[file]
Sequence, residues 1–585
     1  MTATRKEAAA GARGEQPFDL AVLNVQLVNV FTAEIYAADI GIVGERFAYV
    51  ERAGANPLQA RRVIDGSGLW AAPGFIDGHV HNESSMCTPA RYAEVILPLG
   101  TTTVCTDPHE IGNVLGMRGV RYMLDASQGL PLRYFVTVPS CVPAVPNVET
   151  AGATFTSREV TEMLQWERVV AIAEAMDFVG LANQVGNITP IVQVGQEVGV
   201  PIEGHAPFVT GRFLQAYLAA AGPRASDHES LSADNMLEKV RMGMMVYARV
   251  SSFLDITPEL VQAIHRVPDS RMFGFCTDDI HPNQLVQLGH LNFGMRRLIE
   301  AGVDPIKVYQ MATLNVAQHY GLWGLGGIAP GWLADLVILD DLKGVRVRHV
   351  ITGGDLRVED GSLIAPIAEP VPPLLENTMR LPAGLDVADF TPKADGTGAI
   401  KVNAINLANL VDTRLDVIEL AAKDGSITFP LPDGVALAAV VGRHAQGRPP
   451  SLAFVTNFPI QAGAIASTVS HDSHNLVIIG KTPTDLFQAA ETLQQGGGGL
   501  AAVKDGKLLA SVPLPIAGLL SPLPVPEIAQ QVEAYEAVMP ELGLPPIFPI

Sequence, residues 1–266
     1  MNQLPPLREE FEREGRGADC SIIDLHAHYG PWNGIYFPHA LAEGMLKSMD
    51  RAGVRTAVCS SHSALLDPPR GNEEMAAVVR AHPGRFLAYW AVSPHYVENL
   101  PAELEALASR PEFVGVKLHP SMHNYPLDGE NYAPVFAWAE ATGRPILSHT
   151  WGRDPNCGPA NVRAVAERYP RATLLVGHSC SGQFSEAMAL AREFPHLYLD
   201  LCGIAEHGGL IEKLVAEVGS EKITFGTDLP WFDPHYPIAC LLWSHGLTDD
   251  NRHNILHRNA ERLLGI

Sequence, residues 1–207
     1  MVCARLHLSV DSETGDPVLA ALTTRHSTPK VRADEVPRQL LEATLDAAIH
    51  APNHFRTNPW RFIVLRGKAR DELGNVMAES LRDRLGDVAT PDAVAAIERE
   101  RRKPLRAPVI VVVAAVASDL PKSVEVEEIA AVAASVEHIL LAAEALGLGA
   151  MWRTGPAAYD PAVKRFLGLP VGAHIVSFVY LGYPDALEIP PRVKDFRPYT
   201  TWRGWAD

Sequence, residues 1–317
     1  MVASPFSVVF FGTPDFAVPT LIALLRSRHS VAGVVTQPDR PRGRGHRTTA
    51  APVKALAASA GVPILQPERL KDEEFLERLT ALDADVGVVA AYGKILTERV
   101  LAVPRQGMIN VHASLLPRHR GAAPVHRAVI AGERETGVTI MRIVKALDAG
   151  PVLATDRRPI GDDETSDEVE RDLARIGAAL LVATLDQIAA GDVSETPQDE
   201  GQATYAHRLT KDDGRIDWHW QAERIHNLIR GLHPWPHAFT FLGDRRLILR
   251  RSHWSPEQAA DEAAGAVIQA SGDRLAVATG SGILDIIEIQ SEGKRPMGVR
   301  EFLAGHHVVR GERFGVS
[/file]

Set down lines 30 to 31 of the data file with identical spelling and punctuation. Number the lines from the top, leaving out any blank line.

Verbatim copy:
   151  PVLATDRRPI GDDETSDEVE RDLARIGAAL LVATLDQIAA GDVSETPQDE
   201  GQATYAHRLT KDDGRIDWHW QAERIHNLIR GLHPWPHAFT FLGDRRLILR